With so much of the buyer’s journey taking place online, it’s essential to enhance the customer experience as much as possible. Your digital experience is often the only opportunity you have to engage with prospects and leave a positive first impression — and you only have a few seconds to do so. Tailoring your digital customer experience is key not only for acquiring new customers but also for retaining your existing customer base. Research shows that 66% of customers who switch brands do so because they’ve experienced poor service.

To help you navigate the intimidating digital landscape, we’ve rounded up a few online customer experience trends, tips and thoughts to guide you on your journey to providing a better path to purchase.

Digital Customer Experience Trends

When mapping your digital experience, consider the capabilities of your technology stack, user expectations and up-and-coming digital customer experience trends that will shape marketing in upcoming years.

Omnichannel Delivery

While most brands are already using more than one outlet for their paid and organic marketing, true omnichannel strategy is much more rare. True omnichannel delivery breaks down barriers between touch points — for instance, if a customer begins their engagement on social media, they will be able to continue that same engagement as they move to email, your website and mobile apps. Companies with extremely strong omnichannel customer engagement retain 89% of their customers on average, while companies with weak omnichannel customer engagement only retain 33%.

Predictive Analytics

If you’re a digital user in any way, you’ve probably heard of the “algorithms” used by various sites to serve up personalized content to users. While there isn’t one omnipotent AI algorithm gathering and selling all of a user’s data, there are algorithmic tools leveraged by several outlets to tailor and serve content effectively.

Search engines, social media channels and even streaming services like Netflix and Hulu leverage predictive analytics tools that account for a user’s demographics, likes, dislikes, interests and history when determining what content they’re most likely to find useful and interesting.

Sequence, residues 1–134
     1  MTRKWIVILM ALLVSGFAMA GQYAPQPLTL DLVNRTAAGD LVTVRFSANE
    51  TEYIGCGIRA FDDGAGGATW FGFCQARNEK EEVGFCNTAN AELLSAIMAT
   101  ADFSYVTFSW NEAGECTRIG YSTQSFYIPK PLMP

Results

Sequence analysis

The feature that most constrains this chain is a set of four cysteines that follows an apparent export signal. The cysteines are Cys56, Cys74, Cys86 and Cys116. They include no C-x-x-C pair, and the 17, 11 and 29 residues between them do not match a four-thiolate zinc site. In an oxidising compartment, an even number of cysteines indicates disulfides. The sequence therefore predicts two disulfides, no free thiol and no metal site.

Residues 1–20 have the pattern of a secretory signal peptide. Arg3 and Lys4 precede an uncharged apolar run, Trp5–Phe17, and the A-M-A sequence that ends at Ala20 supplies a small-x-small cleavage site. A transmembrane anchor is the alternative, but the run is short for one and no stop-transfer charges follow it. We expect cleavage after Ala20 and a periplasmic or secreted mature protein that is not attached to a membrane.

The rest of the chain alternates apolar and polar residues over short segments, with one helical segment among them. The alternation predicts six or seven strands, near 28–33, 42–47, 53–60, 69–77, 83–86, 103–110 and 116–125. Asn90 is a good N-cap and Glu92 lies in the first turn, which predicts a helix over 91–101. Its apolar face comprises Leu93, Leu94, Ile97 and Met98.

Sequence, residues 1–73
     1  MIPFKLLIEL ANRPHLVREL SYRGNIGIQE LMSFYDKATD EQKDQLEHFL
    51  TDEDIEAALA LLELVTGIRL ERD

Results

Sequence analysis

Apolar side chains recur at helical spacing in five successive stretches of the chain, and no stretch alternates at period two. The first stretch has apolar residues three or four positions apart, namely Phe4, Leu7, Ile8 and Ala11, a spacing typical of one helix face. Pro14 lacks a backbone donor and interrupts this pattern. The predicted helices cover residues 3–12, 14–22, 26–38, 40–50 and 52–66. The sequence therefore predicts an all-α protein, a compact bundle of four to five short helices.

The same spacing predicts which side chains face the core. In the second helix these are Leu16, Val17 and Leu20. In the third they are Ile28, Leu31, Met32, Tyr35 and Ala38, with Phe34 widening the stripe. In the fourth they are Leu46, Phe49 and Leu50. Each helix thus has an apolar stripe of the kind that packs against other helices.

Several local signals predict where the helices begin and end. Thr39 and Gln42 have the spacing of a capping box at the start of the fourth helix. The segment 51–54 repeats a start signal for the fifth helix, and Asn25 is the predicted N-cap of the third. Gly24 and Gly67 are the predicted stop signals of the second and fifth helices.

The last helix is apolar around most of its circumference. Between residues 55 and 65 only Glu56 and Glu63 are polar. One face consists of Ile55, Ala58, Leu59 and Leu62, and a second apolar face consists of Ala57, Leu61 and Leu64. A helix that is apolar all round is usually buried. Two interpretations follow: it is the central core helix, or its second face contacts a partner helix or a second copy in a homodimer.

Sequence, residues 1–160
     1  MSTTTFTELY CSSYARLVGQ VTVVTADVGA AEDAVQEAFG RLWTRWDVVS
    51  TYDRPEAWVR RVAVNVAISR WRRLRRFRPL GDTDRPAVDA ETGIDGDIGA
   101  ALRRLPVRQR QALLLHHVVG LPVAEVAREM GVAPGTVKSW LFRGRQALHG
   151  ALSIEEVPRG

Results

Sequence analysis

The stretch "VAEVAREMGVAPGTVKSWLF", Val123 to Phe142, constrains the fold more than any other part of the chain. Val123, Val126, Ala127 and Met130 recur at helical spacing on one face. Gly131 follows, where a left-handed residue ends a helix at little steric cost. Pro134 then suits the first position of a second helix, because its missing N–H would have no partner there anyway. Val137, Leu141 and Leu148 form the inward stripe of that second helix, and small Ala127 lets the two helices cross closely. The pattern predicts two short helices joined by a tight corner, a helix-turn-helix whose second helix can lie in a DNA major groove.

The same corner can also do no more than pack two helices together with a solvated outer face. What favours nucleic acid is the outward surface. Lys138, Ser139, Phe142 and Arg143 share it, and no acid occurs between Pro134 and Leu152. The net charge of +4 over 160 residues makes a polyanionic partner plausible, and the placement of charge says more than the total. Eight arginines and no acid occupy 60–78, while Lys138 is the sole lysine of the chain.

Predictive analytics technologies continue to advance and can be used by almost any business on any scale with effective use of marketing automation and lead scoring tools.

Machine Learning and Bots

While you’re probably familiar with chat support portals as they pop up all over websites and mobile apps, not many brands use them effectively. You might be tempted to implement a live chat feature for your own brand. But have you considered what happens if a user tries to reach out after hours, or during a high-volume time when you aren’t able to IM back immediately? Chatbots allow you to offer the convenience of instant messaging for common inquiries at all hours.

As machine learning capabilities evolve, bots can become even more intelligent and learn when to alert human representatives that a customer needs attention. It’s important to keep in mind that machine learning and bots aren’t designed to replace human customer service representatives to answer questions, but rather to support them. Relying too heavily on artificial intelligence can make your brand appear to be just that — artificial. Strike a balance in your automated conversations and know when a prospect needs a human touch.